ShaRhonda Knott-Dawson  

Posted: December 2nd, 2020 6:59 PM

@Bill, you are talking about integrity or the "feelings" of a white person. I am talking about the physical safety of my friend, a Muslim. Racist, in Illinois, are dangerous. Trump has proven that racialize rhetoric, increases racist acts of violence against POC. Yes, the White men who were called racist may get their feelings hurt and be sad. But the community member, may be physically harmed. Those two outcomes are not equal. And, no, White folks don't get to tell non White folks, to not be scared of racist violence. Not in 2020. Not in a country that 70,000,000 White folks voted for an unapologetic racist and White supremacist. Nope you don't get to tell POC that we have no reason to be scared because of your rhetoric. This community member feels justifiably unsafe because of the actions, or inactions, of this paper. People are posting about where she lives! She is getting letter at her house! Racism is not a game and it not just about words. America is a country that is steeped in violence against POC, and that has escalated during these past years. If you are anti-racist and want to eradicate racism, you have to own up to your part and do everything in your power to protect those who are really in danger. And, the reality is there are not hoards of POC who are violent against White folks because of racism. Racial violence is real and this piece has put a target on a community member. And, no, White folks, don't get to tell us we are over-reacting with our fear of white violence because of racism and White Supremacy. Not in 2020 with a country that Donald Trump as the president. Nope, you do not get to tell us what, or whom, to be afraid of.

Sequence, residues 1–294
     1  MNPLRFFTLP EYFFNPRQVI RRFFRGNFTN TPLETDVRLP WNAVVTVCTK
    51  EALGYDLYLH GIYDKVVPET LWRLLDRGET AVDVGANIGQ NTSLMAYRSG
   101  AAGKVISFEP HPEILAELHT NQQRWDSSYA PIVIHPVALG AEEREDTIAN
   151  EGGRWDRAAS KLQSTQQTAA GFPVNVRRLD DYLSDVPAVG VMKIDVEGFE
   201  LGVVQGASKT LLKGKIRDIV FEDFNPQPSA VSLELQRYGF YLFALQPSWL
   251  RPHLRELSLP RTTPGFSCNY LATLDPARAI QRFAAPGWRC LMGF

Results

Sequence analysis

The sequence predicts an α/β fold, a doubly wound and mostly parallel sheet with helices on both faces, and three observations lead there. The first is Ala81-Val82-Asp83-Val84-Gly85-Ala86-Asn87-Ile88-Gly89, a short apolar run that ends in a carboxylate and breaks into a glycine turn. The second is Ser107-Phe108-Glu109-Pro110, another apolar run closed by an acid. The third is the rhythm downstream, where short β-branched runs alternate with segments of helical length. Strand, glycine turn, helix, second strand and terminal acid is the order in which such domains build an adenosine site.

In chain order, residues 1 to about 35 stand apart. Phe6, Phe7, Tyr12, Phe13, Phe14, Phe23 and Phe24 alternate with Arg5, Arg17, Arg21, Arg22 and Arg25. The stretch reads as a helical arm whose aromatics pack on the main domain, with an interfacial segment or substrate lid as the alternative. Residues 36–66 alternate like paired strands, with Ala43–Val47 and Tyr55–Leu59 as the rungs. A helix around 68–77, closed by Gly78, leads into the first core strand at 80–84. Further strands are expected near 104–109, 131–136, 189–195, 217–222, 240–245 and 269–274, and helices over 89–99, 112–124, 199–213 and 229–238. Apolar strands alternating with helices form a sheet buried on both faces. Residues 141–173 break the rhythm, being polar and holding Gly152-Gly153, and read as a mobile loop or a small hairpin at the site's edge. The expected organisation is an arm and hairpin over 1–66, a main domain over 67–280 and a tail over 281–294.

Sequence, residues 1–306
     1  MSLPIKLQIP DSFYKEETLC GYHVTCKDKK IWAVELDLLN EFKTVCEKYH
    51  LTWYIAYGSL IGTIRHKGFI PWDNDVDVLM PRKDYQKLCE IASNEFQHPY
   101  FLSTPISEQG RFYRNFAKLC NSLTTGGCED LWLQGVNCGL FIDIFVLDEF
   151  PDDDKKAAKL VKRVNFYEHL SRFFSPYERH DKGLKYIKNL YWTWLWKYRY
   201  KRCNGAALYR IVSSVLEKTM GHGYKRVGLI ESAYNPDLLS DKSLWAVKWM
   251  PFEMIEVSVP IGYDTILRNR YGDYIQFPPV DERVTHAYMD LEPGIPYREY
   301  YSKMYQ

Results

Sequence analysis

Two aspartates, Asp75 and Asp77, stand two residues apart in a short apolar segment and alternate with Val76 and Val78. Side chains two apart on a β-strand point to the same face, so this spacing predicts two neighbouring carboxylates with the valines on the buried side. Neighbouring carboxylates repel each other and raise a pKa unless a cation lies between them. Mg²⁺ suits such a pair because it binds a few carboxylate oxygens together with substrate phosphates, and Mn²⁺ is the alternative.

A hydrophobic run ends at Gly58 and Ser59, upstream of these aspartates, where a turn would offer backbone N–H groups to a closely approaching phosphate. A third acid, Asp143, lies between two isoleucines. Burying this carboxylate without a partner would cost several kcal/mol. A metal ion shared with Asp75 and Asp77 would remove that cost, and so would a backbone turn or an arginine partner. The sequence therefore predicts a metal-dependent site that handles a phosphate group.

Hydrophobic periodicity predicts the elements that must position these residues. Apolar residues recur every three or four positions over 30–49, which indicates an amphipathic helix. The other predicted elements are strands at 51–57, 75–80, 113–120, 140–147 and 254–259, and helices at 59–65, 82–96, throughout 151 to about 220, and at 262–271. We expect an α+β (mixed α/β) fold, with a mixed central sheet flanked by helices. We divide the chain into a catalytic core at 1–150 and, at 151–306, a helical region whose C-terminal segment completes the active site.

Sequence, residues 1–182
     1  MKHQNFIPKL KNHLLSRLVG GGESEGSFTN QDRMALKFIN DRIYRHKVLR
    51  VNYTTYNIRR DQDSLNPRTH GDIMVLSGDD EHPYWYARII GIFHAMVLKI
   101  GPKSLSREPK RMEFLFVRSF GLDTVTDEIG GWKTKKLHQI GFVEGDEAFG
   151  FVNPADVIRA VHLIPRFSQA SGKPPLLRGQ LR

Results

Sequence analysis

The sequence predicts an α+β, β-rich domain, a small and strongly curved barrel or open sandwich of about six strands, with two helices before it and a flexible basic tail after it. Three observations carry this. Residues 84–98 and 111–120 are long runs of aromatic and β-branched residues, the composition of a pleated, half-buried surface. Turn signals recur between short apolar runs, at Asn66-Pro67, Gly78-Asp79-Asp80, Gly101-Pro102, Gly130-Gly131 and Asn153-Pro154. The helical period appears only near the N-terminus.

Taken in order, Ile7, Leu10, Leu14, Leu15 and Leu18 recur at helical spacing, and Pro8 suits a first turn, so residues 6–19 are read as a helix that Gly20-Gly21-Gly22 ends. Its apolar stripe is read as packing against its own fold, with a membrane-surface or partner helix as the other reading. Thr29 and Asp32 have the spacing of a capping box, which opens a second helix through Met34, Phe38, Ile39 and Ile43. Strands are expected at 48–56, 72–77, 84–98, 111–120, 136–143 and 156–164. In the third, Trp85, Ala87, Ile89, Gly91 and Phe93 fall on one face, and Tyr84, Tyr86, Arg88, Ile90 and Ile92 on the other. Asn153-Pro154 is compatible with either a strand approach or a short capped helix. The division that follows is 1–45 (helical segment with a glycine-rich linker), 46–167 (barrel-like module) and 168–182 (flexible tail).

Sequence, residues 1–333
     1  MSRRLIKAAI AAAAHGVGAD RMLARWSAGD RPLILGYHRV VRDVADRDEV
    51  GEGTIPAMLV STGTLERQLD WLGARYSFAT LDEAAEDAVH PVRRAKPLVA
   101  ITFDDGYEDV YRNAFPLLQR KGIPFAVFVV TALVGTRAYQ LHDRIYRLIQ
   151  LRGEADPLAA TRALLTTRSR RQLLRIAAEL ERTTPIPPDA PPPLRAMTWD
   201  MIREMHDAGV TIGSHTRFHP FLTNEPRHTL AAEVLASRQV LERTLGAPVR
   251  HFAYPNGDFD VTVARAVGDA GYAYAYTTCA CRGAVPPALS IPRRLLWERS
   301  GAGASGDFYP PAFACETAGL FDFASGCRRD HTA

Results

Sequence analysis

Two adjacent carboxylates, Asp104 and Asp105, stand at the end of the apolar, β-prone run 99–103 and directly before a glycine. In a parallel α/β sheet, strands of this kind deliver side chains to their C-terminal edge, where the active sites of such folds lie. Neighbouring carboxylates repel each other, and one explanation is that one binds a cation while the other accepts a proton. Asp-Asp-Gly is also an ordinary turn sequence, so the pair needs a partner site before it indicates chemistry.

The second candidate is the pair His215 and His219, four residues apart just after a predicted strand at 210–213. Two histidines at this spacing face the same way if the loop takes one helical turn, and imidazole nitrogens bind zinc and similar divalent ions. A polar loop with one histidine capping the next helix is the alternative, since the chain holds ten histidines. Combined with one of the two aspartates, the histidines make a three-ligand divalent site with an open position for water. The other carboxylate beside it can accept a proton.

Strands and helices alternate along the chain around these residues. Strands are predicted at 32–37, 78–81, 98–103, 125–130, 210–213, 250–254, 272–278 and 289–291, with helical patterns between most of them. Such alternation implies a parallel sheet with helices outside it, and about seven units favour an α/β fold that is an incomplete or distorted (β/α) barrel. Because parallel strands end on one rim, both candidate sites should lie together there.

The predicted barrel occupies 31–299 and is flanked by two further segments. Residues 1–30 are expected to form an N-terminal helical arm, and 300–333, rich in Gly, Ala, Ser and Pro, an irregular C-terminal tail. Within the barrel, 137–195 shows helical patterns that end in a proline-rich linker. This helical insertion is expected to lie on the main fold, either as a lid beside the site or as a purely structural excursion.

ShaRhonda Knott-Dawson  

Posted: December 2nd, 2020 6:30 PM